Kluge “N” Series Pump Rebuild

I know there is a lot of discussion on this topic, however all of the listed contacts are no longer in business.
I am in need of a kit to rebuild my Kluge pump on my “N” series press.
Please let me know if there are any leads as to where I might get this kit.
Thank you all in advance.

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If you can’t find a kit you can make new leather cups. Take your old cup to a leather supplier and try to match it to new leather. Using a hole saw, cut a hole the same diameter as the cup into a one inch board. Save the disc. Soak the leather until pliable (at least an hour). Place the smooth side over the hole and drive the disc in from the rough side to form the new cup. Let it dry overnight, then remove your new cup from the board.

does your pump have valves or springs and balls.

The pump I believe has leather cups

ok, it has been years since i have had one apart, but, don’t the leather cups simply seal the piston? the valves are there similar to a human heart, to keep things flowing in one direction. they should be either metal “reed” type valves or steel balls with springs. i can take one apart tomorrow. i have a couple spares.

I believe I have found a source for Kluge “outdated” parts I need.
I will post the info tomorrow when I get more information.

Crawford Company has them.
They were recommended to me from Brandtjen & Kluge, LLC
Follow this link http://www.briarpress.org/1620
You can buy parts or exchange for a rebuilt pump.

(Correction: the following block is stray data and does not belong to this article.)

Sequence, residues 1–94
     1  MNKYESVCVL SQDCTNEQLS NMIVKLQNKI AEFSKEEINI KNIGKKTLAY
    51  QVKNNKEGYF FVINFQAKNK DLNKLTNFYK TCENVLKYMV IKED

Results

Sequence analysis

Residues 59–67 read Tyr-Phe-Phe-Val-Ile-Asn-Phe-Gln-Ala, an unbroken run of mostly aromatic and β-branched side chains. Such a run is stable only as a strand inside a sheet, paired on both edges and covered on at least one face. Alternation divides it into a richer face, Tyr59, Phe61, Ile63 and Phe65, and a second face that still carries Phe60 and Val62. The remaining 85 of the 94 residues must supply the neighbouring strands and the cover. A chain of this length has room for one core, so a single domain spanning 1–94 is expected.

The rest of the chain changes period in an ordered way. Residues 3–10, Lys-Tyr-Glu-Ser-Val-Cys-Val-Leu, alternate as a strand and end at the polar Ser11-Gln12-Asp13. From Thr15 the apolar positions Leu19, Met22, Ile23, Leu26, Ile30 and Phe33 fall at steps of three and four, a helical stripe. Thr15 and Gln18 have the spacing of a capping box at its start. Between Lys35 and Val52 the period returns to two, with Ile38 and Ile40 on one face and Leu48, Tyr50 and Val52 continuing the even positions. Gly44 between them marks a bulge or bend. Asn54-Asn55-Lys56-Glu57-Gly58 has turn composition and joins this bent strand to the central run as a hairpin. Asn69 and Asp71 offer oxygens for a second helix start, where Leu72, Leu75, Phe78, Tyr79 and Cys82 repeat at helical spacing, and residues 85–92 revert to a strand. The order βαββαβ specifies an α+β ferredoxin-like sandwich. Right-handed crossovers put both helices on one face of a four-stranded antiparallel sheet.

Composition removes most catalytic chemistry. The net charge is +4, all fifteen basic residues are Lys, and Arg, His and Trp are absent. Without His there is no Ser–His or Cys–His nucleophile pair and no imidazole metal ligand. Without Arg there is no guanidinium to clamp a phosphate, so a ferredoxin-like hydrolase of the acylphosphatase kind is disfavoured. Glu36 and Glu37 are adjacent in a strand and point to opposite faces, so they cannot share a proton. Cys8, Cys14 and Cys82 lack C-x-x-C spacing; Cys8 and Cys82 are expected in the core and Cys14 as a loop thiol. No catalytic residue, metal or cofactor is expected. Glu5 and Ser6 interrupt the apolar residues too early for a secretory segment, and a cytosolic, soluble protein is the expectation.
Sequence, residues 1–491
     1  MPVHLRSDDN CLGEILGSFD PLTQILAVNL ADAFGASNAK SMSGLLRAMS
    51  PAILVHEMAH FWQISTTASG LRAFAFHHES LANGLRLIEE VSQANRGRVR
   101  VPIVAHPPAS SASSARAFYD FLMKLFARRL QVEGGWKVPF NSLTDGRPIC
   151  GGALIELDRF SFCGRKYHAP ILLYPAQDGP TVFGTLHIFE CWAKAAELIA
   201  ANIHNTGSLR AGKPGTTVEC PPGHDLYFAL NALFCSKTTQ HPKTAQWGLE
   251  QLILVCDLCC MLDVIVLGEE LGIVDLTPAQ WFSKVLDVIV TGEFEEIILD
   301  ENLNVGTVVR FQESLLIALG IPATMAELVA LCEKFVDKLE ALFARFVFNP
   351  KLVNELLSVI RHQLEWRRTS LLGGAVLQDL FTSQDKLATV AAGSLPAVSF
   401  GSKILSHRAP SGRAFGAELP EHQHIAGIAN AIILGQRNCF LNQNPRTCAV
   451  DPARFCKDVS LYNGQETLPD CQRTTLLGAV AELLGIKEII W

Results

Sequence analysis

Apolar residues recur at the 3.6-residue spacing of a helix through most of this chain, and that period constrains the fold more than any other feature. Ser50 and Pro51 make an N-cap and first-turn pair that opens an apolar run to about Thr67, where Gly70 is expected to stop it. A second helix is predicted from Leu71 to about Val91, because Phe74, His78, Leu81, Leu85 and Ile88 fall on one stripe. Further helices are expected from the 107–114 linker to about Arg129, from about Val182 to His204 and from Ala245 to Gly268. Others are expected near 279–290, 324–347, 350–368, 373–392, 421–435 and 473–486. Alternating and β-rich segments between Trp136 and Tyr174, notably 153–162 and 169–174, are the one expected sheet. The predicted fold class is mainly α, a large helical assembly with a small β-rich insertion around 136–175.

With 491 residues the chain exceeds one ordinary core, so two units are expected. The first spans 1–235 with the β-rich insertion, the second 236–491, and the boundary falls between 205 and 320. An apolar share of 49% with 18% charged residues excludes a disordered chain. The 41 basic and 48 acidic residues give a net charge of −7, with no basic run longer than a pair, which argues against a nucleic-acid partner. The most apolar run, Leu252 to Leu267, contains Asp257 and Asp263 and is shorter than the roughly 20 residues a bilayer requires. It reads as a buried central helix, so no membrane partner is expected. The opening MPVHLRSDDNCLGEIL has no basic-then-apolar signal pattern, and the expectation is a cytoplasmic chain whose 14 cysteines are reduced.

Other things are available, check their website.
I have parts coming and will update after I attempt the rebuild.

I’ve bought parts from Crawford for my Miehle 29. Good people to deal with.

I received the parts from Crawford Co.
Most difficult part of the repair/rebuild was removing the pump from the press, it is heavier than I expected!
I removed the bottom cap from the pump cylinder and cleaned out all the gunk. Also inside the cap is a cover for one of ball valve and spring openings. I removed the 2 screws securing the hold down piece and removed the spring and steel ball, which were also full of gunk.
The “leather cups” looked fine and seemed to fit tight inside the cylinder, so I did not replace them, but did clean them up and oiled them and the cylinder with “Neetsfoot Oil”.
After cleaning the other ball valve at the other end and removing the old packing at the top I replaced the packing, reassembled the pump and it works just great.
Not a very difficult job at all.

the are heavy, yes. pretty simple tho once you see how they work. some after market kits have “flapper valves” to replace balls & springs, i think the balls & springs hold up longer before cleaning is needed. i don’t think the valves are as durable, succombing to the paste of oil, paper dust, and spray powder.